Holiday Hits: Valentine's Day Coldwater Creek Lady in Red

For Valentine's Day, my husband and I almost always go to our favorite Indian restaurant for dinner.  Never much of a fashionista, I rarely dress up -- a red sweater with black slacks is about as fancy as I get.  However, if I ever did decide to go glamorous, the red Draped Front Dress from Coldwater Creek shown above would be my apparel choice.  And I am even less likely to wear shoes with heels (I only own one pair and almost never wear them!), but if I did I would go all out with these silver Yeelied Heels:

I like to keep things simple but bold when it comes to jewelry, so the Geo Chain Necklace from Coldwater Creek would be perfect:

In February the weather is bound to be cold, but this Oversize Plush Coat would be more than adequate to keep me warm for the short walk between car and restaurant:

As long as there is no snow or rain in the forecast, attired in this outfit I might actually enjoy being the Lady in Red for one evening on Valentine's Day!

Foodie Fridays: Tomato Basil Soup with Ricotta Dumplings

I've really been on a roll with soups lately, and I can't stop now!  This week I made Tomato Basil Soup with Ricotta Dumplings.  I changed very little about the recipe, although I did stir in about 1/2 cup of whole milk.  The vegetable broth I used was very dark and intensely flavored, and the milk helped to lighten and mellow the soup a bit.  This beautiful red soup is just the right color to serve on Valentine's Day, and if you really want to get fussy, try shaping the ricotta dumplings into little hearts!  Of course, this dish would be good any time, so enjoy it whenever you crave a good tomato soup.

Tomato Basil Soup with Ricotta Dumplings

4 garlic cloves, minced
red pepper flakes to taste (optional)
1 T. olive oil
1 large can (28 oz.) crushed tomatoes
3 C. chicken or vegetable stock or broth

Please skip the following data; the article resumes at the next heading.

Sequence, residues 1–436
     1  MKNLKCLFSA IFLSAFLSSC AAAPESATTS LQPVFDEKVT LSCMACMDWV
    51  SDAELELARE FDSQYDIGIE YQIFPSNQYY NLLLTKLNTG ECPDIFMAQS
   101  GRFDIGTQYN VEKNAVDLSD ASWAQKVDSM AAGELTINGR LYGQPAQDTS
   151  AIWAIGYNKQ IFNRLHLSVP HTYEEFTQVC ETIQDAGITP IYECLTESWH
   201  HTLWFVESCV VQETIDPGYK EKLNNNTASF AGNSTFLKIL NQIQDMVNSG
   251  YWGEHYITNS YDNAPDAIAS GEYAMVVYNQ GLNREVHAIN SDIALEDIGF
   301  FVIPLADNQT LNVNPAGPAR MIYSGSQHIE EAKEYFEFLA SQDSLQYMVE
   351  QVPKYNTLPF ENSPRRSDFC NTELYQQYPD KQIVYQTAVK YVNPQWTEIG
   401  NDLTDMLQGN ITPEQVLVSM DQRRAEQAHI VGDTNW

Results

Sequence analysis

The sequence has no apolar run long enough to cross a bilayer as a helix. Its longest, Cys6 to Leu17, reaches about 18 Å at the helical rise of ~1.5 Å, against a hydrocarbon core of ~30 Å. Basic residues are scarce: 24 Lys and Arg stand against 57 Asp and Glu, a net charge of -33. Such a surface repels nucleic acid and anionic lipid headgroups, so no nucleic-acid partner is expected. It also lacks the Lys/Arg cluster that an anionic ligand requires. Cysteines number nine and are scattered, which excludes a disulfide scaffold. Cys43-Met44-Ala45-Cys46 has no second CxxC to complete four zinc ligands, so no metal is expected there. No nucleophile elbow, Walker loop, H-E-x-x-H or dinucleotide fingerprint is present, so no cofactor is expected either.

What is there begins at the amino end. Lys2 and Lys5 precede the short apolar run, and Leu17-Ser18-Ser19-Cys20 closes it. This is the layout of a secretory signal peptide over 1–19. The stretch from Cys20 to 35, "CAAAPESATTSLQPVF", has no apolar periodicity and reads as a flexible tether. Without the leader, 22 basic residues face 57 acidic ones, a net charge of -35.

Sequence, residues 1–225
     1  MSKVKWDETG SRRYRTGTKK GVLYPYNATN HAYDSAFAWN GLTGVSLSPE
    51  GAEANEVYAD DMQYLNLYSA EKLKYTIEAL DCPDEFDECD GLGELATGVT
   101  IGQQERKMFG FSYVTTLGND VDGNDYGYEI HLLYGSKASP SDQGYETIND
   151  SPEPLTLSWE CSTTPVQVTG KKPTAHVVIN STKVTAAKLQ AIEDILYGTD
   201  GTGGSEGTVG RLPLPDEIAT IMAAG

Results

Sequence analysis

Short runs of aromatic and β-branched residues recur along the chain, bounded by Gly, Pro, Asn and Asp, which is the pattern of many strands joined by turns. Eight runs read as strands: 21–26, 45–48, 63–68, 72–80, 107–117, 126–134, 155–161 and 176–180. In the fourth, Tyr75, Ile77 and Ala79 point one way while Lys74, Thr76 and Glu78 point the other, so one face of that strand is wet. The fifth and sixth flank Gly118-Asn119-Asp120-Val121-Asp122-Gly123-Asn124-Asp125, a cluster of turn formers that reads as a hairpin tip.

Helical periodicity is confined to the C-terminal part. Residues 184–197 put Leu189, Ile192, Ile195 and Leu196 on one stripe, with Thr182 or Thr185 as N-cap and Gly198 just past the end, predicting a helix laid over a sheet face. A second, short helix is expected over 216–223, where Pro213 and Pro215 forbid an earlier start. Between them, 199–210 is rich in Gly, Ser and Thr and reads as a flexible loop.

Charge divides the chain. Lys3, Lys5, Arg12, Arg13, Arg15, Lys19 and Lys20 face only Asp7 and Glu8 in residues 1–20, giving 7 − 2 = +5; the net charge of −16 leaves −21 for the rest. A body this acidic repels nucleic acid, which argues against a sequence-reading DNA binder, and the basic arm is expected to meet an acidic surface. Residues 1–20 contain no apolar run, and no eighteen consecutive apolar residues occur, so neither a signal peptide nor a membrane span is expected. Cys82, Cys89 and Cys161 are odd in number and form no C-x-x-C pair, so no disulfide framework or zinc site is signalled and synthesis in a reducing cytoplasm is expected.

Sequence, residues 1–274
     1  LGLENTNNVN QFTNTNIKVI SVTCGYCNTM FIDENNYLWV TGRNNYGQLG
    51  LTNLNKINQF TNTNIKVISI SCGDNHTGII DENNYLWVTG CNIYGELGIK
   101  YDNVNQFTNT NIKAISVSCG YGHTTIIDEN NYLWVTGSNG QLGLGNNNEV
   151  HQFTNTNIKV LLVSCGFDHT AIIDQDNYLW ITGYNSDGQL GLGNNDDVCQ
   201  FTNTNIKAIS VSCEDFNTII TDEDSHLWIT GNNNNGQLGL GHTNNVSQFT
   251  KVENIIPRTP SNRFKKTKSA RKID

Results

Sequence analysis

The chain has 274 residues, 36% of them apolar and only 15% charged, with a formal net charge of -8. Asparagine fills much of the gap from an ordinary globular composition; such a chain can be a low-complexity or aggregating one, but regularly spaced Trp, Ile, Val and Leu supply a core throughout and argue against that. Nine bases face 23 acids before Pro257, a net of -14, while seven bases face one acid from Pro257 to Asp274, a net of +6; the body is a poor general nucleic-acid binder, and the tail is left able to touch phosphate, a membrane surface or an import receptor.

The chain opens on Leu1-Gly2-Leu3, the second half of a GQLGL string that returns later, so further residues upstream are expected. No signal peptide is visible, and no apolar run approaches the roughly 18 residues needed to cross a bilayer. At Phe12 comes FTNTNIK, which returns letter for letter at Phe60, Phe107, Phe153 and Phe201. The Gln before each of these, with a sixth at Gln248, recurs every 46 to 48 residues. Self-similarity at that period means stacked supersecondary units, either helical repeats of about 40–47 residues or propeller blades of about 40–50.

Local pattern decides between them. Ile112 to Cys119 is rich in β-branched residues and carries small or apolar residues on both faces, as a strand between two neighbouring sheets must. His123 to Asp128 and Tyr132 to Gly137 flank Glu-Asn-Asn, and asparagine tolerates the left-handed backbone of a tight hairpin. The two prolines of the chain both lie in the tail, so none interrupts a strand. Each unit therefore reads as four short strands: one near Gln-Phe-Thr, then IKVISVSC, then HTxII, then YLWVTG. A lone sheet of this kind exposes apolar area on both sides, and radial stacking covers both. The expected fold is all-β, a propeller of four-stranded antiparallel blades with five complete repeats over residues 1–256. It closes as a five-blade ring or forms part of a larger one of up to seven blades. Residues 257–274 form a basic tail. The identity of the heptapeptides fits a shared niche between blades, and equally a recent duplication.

1/2 C. basil leaves, chopped
1/2 tsp. salt
1/2 C. whole milk (optional)
1 C. ricotta cheese
1 C. grated Parmesan cheese
2 eggs
1 1/3 C. flour
1 tsp. salt
1/2 tsp. black pepper (optional)

Heat the olive oil in a large pot over medium heat.  Add the garlic and the pepper flakes and cook about one minute, until just starting to brown.  Add the tomatoes, stock or broth, basil, 1/2 tsp. salt, and black pepper to taste.  Bring to a boil, then reduce the heat and simmer for 7-8 minutes.  Taste the soup and stir in the milk if needed.

While the soup heats, combine the remaining ingredients in a large bowl.  Stir until a dough forms.  Roll the dough into small balls (I got 32, but the number can vary depending on their size).  After the soup has simmered, add the dumplings to the soup and cook for about two minutes until the flour in the dumplings is cooked.  Serve garnished with more grated Parmesan and some shredded basil, if desired.  Serves 4.

Thursday, February 13, 2014

This 'n That Thursdays: Almond Blossoms in Mallorca

A Mallorca almond orchard in bloom
(from National Geographic)

Lately my travel options are limited.  I have an elderly horse and an elderly dog, both with health issues, and it is difficult to find a pet sitter who can deal with them if my husband and I want to take a trip.  So while I would love to go somewhere new and fascinating for Valentine's Day and our birthdays (both of which are in early February), that will not be happening this year (my husband will be out of town on business anyway).  One of these years, though, I am hoping we can take a trip to Spain to experience almond blossom season on the island of Mallorca (or Majorca).  Not long ago I read an article on the National Geographic website about this travel destination, and I am now obsessed with the idea.  Almond blossoms, which have a lovely fragrance, are usually in bloom from about the end of January to around mid-February in Mallorca -- perfect timing for a birthday/Valentine's Day visit!

Harbor of Palma, Mallorca's capital
(from Wikipedia)

Mallorca coast (from Charter Expert)

More flowering almond trees in Mallorca
(from España)

A close-up view of beautiful almond blossoms
(from Living in Rural Mallorca)

Agroturismo hotel in Felanitx, Mallorca
(from See Mallorca)

I have come to the realization lately that I love the idea of visiting places with fragrant blossom seasons.  I would be ecstatic if I could be in Mallorca for the almonds, on the Italian island of Capri for lemon blossom season in May, and of course in the French town of Provence when the lavender blooms in July.  I have never been to any of these European countries, so what better way to visit them for the first time than by doing a grand tour of fragrant blossom seasons in each?  It may be just a dream right now, but some day, who knows -- it could happen!